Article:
Garbage disposal - necessity or nuisance that keeps breaking down?

25 Replies

Hey guys!

I reviewed PM's statement and found 185$ charge for fixing a garbage disposal. Is garbage disposal something that will benefit the landlord in the long run (i.e. prevention of clogged pipes), or should we WITH THE FUTURE TENANTS include a contingency in the lease that "you are welcome to use garbage disposal until it breaks down, upon which there will be a removal of the garbage disposal without an installation of a new one". So the next tenant can use it up until it breaks down THEN WE REMOVE IT AND ELIMINATE any expense associated with it! 

What do you guys think?

Thanks!

Generally, the best thing to do is remove unnecessary items that may fail and cause repair bills. Tenants aren't going to pay more for a unit with a garbage disposal. The condition and location of your property will drive price, minor features won't. It is best if they are removed  before a new tenant comes in so that the tenant never sees these things. That way you manage expectations and reduce your costs.

I recently had a unit turn over and removed the window air conditioner. The new tenant won't see it and won't miss it, but I save money on potential repairs. I wish I had done this at another unit, I had bought some appliances from a departing tenant and they threw in an upright air conditioner, the type with a pipe that goes to the window. The incremental cost to me was about $100 and I thought it might be nice for tenants. Wouldn't you know it, my new tenant complained that the air conditioner was not working. Repairs are not feasible and a replacement is $400 at Costco. Having the air conditioner made no difference to the rent, which was the same that the previous tenants paid while supplying their own air conditioner. This air conditioner issue will cost me $500 in total by the time the next cooling season comes around and a new one is required. Regrets, I've had a few.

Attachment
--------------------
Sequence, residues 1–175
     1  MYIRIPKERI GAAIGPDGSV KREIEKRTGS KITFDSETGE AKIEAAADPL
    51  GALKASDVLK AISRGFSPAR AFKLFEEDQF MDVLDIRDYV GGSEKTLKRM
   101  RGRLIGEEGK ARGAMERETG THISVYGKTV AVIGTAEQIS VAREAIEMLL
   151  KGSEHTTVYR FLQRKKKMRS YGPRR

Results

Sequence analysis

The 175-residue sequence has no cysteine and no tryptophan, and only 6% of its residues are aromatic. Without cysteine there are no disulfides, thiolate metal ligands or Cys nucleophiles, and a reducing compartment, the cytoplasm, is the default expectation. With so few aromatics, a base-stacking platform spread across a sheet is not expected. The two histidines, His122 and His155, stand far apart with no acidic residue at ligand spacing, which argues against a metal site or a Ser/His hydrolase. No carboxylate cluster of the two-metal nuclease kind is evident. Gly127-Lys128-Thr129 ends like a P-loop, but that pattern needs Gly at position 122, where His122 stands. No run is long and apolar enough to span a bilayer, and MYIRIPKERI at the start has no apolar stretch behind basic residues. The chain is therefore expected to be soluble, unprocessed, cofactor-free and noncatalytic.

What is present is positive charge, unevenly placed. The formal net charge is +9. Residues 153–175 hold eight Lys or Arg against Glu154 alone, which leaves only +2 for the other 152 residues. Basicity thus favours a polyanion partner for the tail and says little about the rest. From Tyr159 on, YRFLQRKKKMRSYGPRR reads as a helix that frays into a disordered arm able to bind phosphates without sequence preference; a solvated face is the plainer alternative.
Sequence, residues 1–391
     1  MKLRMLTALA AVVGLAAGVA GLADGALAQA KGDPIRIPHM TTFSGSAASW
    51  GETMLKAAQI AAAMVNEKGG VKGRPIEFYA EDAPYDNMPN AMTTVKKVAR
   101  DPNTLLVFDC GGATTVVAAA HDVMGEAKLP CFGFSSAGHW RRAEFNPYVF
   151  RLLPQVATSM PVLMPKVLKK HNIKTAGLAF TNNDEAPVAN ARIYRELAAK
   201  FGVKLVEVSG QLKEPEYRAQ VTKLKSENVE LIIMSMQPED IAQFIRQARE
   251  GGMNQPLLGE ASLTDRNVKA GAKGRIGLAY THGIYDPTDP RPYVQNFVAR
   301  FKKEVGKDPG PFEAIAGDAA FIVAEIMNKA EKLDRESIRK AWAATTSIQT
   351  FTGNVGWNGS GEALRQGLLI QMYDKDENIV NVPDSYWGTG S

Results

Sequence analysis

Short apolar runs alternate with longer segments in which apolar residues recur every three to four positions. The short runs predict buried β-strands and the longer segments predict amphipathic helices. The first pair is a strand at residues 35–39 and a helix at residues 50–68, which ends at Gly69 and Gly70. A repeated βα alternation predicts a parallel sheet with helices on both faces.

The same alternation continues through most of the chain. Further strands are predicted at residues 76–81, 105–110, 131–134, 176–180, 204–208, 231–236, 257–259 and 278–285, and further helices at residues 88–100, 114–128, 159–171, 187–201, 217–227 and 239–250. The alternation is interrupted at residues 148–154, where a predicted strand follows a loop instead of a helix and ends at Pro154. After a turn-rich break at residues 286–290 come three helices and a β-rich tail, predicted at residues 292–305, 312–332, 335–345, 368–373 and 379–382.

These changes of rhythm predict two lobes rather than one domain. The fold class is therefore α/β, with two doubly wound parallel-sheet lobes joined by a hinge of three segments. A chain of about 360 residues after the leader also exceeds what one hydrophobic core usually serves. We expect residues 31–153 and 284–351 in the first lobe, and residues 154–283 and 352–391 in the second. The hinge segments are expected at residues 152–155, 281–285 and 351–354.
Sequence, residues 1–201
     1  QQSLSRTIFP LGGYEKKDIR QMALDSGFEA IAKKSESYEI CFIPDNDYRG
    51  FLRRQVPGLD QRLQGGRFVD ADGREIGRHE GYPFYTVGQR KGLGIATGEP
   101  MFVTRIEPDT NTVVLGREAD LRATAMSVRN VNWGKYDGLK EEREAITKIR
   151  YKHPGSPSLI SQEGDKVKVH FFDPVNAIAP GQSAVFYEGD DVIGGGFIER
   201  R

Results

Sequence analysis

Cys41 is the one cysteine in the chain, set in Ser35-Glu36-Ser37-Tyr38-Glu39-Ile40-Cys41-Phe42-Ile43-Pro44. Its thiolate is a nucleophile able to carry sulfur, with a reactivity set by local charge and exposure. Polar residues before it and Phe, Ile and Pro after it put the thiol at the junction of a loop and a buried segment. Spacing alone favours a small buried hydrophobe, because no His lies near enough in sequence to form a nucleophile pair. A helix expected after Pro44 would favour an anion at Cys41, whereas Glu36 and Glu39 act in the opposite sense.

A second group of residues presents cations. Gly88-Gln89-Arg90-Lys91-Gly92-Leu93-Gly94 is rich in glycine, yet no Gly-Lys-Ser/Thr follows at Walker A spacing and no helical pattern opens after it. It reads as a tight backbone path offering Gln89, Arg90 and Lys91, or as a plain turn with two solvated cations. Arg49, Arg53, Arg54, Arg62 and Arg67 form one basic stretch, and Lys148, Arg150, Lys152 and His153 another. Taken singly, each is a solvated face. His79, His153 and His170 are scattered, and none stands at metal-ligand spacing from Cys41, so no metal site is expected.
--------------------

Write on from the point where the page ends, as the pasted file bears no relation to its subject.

On a high end home, disposals are probably a must - most of the time. 

In a non high end rental home, they have no place in my experience. Headaches, maintenance and, IMO, more clogs as people can get it through the disposal, but not all the way down the drain. 

FYI - icemakers on your fridges will yield the same pain as well. 

Good luck! 

@Ed O. Is on the money with ice makers. I would never buy a fridge for a rental unit with an icemaker. Too delicate, too easily subject to tenant abuse, and too expensive to repair. Basic, sturdy appliances are what is needed in a rental.

That garbage disposal has to go.

@Edita D.  

$185 for repairing seems terribly high.  Not so high if they are replacing.  In most instances disposal is jammed and simply inserting an allen wrench underneath disposal will unjam or pushing reset button.  I would definitely remove disposal from rentals if they are causing issues. 

Most of the professional landlords I know wire for disposals, but do not install them.  And yes they remove them if they buy a house with a disposal.

I could live in a house my entire life without clogging a disposal, tearing a screen, breaking an ice maker, warping a ceiling fan, etc but some reason most tenants can't live in a place for more than a month before having issues with these sort of amenities.